The tested truck was a Volvo FH Electric, which has a gross combination weight of 40 tons, a 540 kWh battery pack and continuous power of 490 kW. German trucking journalist Jan Burgdorf tested the truck on the Green Truck Route, a 343-kilometer route that includes a variety of motorways, hilly terrains and small roads, and is used for testing different manufacturers’ trucks in a wide range of conditions.
“When driving this truck, it is as agile, or even more agile, than a diesel truck,” says Jan Burgdorf. “Drivers will be very surprised about how easy it is to drive, how quiet it is and how well it responds. There are no vibrations whatsoever.”
The Volvo FH Electric kept an average speed of 80 km/h over the whole route, which was on par with the Volvo FH equipped with a diesel engine and the fuel efficiency package I-Save. Based on the energy consumption of only 1.1 kWh/km, the electric truck demonstrated a total range of 345 km. It used 50% less energy than a diesel Volvo FH.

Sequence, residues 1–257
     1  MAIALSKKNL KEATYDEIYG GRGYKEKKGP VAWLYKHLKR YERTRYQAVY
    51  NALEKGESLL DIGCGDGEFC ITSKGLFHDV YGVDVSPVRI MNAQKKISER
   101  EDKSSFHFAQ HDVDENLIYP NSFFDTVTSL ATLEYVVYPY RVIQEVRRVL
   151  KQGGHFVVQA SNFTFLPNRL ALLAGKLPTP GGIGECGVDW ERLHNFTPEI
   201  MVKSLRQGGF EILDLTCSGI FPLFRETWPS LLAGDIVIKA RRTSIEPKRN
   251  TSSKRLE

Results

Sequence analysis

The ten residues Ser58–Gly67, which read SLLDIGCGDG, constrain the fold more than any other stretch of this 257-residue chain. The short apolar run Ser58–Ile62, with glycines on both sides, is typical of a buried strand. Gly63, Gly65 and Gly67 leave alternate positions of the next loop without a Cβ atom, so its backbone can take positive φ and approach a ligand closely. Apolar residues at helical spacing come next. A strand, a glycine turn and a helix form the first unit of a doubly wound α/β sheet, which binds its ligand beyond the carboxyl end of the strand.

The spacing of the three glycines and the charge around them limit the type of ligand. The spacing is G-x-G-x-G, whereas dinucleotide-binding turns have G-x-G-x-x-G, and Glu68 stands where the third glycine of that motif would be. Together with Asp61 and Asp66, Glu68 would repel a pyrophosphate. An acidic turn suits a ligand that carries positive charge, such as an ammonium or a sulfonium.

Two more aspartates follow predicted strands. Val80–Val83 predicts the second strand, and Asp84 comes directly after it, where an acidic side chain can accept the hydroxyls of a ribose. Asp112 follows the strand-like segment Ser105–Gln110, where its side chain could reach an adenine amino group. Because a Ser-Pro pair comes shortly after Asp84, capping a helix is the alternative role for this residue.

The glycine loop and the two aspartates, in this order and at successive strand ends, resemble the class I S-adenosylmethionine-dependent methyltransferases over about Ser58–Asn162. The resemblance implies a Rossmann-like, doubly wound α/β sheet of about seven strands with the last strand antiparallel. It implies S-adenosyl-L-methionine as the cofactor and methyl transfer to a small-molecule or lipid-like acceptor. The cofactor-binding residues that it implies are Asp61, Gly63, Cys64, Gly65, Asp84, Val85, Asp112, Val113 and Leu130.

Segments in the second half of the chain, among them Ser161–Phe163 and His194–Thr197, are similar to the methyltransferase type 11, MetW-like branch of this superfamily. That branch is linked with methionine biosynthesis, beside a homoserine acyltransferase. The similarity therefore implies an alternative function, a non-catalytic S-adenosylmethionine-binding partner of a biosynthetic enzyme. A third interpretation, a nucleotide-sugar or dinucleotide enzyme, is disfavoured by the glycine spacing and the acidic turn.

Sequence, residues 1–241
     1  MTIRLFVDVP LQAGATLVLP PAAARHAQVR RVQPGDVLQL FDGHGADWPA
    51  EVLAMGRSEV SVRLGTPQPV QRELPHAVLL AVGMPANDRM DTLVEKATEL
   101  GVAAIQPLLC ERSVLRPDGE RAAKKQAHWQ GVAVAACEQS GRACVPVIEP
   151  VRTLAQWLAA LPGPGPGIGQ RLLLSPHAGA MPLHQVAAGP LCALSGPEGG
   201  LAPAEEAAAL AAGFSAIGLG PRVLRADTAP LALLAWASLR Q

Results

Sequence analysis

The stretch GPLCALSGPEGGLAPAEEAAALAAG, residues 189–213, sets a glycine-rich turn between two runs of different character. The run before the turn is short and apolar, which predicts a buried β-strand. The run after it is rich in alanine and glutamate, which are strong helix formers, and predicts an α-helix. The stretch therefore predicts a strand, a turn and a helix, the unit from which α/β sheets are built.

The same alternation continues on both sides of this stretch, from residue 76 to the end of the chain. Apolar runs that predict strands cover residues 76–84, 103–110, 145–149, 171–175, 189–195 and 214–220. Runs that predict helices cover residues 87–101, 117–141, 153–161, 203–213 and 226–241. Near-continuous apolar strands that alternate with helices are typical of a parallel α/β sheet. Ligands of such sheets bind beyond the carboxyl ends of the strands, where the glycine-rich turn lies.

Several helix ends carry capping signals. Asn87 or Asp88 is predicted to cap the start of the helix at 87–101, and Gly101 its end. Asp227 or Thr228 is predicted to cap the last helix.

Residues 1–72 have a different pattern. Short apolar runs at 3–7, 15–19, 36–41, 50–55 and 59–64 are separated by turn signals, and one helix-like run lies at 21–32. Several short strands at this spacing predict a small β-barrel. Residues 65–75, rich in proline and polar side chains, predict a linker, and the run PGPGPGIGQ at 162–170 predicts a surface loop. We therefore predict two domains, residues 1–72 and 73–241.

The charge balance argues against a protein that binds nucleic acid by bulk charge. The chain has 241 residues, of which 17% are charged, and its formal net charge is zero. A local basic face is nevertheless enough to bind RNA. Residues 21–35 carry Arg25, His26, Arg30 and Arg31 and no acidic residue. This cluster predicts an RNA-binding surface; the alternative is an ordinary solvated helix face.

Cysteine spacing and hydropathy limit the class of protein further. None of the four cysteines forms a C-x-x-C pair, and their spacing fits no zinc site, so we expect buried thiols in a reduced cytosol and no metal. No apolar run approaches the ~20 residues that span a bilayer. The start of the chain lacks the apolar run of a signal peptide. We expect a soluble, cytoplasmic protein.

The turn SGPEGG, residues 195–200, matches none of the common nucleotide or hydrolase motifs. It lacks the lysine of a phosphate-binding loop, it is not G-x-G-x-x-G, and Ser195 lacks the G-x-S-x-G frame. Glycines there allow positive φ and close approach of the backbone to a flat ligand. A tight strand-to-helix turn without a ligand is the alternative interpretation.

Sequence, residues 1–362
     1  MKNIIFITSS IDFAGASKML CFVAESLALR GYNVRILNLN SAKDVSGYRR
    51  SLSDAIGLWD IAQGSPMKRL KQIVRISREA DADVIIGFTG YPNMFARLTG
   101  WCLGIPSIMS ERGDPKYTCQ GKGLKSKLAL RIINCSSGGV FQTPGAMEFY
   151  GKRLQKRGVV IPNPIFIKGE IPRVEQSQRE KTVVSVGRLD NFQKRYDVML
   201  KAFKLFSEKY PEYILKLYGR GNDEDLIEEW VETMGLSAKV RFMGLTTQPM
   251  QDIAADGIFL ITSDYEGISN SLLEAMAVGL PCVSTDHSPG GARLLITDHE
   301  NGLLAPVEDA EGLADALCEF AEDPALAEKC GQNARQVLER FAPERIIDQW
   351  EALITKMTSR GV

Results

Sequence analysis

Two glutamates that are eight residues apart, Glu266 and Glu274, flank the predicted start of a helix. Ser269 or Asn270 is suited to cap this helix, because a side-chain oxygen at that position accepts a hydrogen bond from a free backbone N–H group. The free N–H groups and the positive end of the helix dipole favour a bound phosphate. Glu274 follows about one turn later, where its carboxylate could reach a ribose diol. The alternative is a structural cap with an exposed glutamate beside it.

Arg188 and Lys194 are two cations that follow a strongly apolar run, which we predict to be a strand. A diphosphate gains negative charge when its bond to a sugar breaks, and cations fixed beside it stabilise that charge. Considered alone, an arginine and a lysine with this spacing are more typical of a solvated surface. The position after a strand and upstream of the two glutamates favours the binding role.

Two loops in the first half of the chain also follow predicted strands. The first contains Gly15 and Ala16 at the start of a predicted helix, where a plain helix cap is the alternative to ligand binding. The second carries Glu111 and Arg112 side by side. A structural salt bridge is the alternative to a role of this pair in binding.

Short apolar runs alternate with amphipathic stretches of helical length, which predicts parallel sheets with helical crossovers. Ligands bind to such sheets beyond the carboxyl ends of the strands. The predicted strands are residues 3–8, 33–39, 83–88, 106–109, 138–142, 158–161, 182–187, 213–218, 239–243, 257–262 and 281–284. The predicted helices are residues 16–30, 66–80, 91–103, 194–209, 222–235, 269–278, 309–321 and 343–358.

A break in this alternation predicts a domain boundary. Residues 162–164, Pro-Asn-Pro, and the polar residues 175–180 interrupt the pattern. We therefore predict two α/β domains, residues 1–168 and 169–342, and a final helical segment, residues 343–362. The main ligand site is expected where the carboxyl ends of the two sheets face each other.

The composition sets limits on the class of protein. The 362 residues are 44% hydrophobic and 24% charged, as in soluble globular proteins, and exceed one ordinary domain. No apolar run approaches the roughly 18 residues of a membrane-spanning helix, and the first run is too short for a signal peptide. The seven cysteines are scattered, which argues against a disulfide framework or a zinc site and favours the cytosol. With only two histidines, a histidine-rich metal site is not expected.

“These test results show that it is possible to drive up to 500 km during a regular workday, with a short stop for charging, for example during lunch time,” explains Tobias Bergman, Press Test Director at Volvo Trucks.
Volvo Trucks offers a range of six all-electric trucks, designed to cover many different transport assignments. The Volvo FH, FM and FMX Electric models have a GCW of up to 44 tons. Sales are ongoing in Europe, and production will start in the second half of 2022. Serial production in Europe of the Volvo FL and FE Electric, for city distribution and refuse handling, started in 2019. Production of the Volvo VNR Electric for North America began in 2020.
Volvo Trucks’ goal is that electric vehicles will account for half of its truck sales in 2030, and 100% in 2040.
Source: Volvo Trucks